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Hello everyone,

Are the sentences below okay?

1. I will love you all forever and beyond and I promise to go on guiding you even when I'm gone.

Teachers love never die.

2. We started with a simple hello but ended with a complicated goodbye hope you enjoyed the time.

3. Goodbye are only for those who love with their eyes but I love you all from the deep of my heart

4. So lucky and excited to have such a great teacher as John.

Kind regards,

Joseph

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1. I will love you all forever and beyond, and I promise to go on guiding you even when I'm gone. A teacher's love never dies.

2. We started with a simple hello but ended with a complicated goodbye. Hope you enjoyed the time. (or I hope ...)

3. Goodbyes are only for those who love with their eyes; I love you all from the deep depths of my heart.

4. (I am / We are) so lucky and excited to have such a great teacher as John.

CJ

Comments  
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CalifJimI love you all from the depths

Thanks a lot.

Why did you pluralize "depth"? Shouldn't it be "depth" as follows?

I love you all from the depth of my heart.

Regards,

Joseph

CalifJimThe idiom has "depths". "depth" is not wrong, but I've never heard it like that.
Thanks a lot.
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CalifJimA teacher's love never dies.

Excuse me CalifJim. I have another question. Could you please tell me if it is okay as well to say "Teachers' love never dies" in place of "A teacher's love never dies"?

PS. Could you please tell me what you call an annoying person like me in English😊? Because I often disturb the native speakers by asking them a lot of questions.

Joseph ACould you please tell me if it is okay as well to say "Teachers' love never dies" in place of "A teacher's love never dies"?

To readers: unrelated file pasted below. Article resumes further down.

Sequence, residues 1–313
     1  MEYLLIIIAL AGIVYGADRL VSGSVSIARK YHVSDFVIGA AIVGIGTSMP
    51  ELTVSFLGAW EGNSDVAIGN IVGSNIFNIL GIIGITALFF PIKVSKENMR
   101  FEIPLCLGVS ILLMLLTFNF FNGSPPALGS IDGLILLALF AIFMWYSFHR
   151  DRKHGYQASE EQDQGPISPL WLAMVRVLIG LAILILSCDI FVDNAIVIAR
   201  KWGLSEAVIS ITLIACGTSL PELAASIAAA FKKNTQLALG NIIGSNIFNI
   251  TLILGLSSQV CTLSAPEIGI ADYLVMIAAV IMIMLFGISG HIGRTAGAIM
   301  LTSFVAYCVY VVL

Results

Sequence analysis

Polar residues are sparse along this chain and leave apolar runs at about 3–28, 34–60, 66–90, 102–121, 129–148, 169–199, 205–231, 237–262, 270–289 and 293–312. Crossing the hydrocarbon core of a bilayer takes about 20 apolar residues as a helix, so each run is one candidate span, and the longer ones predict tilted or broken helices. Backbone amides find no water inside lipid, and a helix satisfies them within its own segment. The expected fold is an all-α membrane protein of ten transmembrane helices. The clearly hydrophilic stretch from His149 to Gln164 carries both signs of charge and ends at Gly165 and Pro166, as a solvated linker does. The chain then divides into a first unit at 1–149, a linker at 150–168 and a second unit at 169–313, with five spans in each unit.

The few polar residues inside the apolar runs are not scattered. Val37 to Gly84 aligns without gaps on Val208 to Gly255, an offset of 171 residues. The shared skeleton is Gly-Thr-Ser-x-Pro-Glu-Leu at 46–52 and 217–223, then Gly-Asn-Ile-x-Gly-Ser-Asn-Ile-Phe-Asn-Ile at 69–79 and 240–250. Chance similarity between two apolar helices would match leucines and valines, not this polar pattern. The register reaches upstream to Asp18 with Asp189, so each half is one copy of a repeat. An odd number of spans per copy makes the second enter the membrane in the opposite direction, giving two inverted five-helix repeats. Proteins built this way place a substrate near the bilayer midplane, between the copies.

Yes, but as a native speaker, I would never say it like that. The problem is that when you speak, you don't say anything for the apostrophe, and "love" is an abstract noun without a plural, so the compound noun "teachers love" leaves us a little puzzled because the first component of a compound is so rarely plural. (Something like "teachers' duties" is more likely to sound all right to the native ear.)

Joseph ACould you please tell me what you call an annoying person like me in English😊?

You're not annoying, but we do get questions from people who really are annoying Emotion: smile

There are plenty of words for such people.

a pest is mild. a pain in the butt is strong. I rather like ding-dong and clueless (adj) at times.

A few more colorful ones:

He gives me a pain where a pill can't reach.
If he had another brain, it would be lonely.
I've got one nerve left, and he's getting on it.*

CJ

*from the more common expression He's getting on my nerves.

CalifJimYes, but as a native speaker, I would never say it like that. The problem is that when you speak, you don't say anything for the apostrophe, and "love" is an abstract noun without a plural, so the compound noun "teachers love" leaves us a little puzzled because the first component of a compound is so rarely plural. (Something like "teachers' duties" is more likely to sound all right to the native ear.)Joseph ACould you please tell me what you call an annoying person like me in English😊?You're not annoying, but we do get questions from people who really are annoying There are plenty of words for such people.a pest is mild. a pain in the butt is strong. I rather like ding-dong and clueless (adj) at times.A few more colorful ones:He gives me a pain where a pill can't reach.If he had another brain, it would be lonely.I've got one nerve left, and he's getting on it.*CJ*from the more common expression He's getting on my nerves.
Thanks a lot.
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